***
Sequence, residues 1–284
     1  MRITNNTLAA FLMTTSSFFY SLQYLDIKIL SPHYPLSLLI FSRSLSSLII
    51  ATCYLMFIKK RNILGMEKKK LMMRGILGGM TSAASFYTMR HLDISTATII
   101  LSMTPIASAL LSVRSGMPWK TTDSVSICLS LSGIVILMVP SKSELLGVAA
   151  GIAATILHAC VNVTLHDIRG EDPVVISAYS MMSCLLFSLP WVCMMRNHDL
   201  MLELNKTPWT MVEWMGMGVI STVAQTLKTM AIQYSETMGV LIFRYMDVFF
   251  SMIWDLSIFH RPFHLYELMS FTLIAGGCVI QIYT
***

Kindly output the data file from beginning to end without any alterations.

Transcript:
Sequence, residues 1–284
     1  MRITNNTLAA FLMTTSSFFY SLQYLDIKIL SPHYPLSLLI FSRSLSSLII
    51  ATCYLMFIKK RNILGMEKKK LMMRGILGGM TSAASFYTMR HLDISTATII
   101  LSMTPIASAL LSVRSGMPWK TTDSVSICLS LSGIVILMVP SKSELLGVAA
   151  GIAATILHAC VNVTLHDIRG EDPVVISAYS MMSCLLFSLP WVCMMRNHDL
   201  MLELNKTPWT MVEWMGMGVI STVAQTLKTM AIQYSETMGV LIFRYMDVFF
   251  SMIWDLSIFH RPFHLYELMS FTLIAGGCVI QIYT